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Home » News, Stop Wasting America's Time

A SWAT for requiring over-the-counter prescriptions

Submitted by on Thursday, 17 March 2011 No Comment
As a former speaker of the West Virginia House of Delegates was fond of saying, "fat possums travel at night." That translated roughly to "watch out for legislation trying to sneak through in the waning hours of the session."

That's why I was surprised that a bill that would have made Sudafed available by prescription only was really most sincerely dead after the state Senate killed it on a tie vote days before the session ended. Just as someone inevitably will try to amend a ban on abortion into the state budget, I figured the War on Decongestant bill would reappear.

It didn't, but there's always next year. Law enforcement is solidly behind the bill, which it says it needs to fight the war against meth, and it had passed the House of Delegates.  Although it was known as the Sudafed bill, it would have gone much further than that. According to The Register-Herald of Beckley, it would have required prescriptions for many other decongestants, including Alavert, Aleve Cold and Sinus D, and Claritin-D, Drixoral, Bronkaid, Zyrtec-D, and Robitussin.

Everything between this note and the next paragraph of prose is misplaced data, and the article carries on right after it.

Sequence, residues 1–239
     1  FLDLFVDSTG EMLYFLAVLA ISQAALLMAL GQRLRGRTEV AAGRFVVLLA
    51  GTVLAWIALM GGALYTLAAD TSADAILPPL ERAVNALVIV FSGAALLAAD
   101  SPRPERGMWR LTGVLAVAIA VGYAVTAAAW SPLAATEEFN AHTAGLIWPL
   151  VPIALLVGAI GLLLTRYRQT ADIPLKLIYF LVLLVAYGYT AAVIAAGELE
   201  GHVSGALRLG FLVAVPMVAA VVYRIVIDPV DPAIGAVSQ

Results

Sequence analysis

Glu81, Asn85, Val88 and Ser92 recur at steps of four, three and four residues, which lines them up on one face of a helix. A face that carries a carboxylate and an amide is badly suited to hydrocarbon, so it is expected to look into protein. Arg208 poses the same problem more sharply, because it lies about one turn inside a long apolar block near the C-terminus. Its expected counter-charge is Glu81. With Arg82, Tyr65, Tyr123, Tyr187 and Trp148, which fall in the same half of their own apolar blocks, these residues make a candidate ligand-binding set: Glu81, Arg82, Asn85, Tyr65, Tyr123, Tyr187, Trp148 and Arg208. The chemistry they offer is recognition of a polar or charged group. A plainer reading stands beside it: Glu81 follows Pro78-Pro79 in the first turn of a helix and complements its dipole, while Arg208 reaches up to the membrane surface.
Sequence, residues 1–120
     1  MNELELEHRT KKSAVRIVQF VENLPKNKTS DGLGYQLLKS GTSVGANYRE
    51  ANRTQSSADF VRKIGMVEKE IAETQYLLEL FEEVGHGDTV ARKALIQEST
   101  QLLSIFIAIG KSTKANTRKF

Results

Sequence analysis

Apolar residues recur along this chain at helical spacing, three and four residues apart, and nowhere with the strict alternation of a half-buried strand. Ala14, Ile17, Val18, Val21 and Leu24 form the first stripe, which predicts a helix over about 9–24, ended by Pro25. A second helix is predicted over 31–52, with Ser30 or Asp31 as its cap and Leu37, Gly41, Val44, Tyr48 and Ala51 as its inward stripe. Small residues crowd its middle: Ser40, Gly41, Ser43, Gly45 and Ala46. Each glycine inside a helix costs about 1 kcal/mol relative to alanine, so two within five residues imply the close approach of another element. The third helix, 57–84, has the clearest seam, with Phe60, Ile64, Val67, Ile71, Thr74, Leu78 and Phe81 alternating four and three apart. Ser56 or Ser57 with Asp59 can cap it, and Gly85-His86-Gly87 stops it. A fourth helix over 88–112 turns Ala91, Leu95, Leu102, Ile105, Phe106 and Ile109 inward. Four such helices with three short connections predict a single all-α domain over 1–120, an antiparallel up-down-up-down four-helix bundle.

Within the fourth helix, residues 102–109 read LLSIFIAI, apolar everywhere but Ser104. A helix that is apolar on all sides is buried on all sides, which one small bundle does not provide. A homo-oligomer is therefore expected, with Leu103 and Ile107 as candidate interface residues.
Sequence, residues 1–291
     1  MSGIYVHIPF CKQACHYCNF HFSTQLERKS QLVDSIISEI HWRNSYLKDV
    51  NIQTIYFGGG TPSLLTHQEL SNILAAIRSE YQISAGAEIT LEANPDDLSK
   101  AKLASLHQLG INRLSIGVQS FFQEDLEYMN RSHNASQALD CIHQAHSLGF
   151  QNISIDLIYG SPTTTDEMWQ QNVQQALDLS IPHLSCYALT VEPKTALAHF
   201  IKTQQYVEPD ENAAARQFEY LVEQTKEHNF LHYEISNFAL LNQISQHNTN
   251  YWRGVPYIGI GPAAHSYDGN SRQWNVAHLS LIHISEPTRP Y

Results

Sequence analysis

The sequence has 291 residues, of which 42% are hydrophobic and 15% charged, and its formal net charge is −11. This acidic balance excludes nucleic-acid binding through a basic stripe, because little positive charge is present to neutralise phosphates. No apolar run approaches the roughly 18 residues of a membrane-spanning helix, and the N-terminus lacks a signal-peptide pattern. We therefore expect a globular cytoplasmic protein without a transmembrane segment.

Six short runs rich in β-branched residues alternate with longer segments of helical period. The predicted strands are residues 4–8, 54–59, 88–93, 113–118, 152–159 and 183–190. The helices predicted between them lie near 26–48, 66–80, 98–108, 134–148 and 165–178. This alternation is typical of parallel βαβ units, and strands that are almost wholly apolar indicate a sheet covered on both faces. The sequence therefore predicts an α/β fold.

Anyone use any of those? Anyone ever experienced a miserable, stuffy head in the middle of the night and made a run for medication? Sorry, folks. Suffer until the morning, or until you can get a doctor's appointment, whichever comes first. And be ready to fork over a co-pay, too, which easily could bring the cost of an over-the-counter generic to that of a brand-name prescription.

Ay, but since those medications contain pseudoephedrine, a primary ingredient in methamphetamine, several states are trying to make it more difficult to obtain them in the name of making life harder for druggies. Under federal law, anyone who purchases anything containing pseudoephedrine already must sign a register and is limited as to how much he or she can buy. Apparently that's not helping much, though.

The irony is, creating prescription non-prescription medications isn't helping either. Kentucky tried it in 2005, saw the number of meth labs dip the following year though they begin to climb again not long after that. Clearly meth cookers are able to quickly overcome the hitch in the supply chain and find alternate sources of their raw materials.

Sometimes lawmakers remind me of  a parent who vows to "punish you all to make sure I get the right one." Except in the case of those who back Sudafed bills, the "right" ones are continuing business as usual, while  allergy sufferers face increased cost and inconvenience.

Officials need to Stop Wasting America's Time - and money - with legislation that punishes the innocent. If you want to implement something that will actually work, give electronic tracking a try. That won't get you far either - drug dealers are amazingly adept at coming up with alternate ingredients - but at least it won't inconvenience law-abiding citizens.

Copyright 2011 Debra Legg. All rights reserved.

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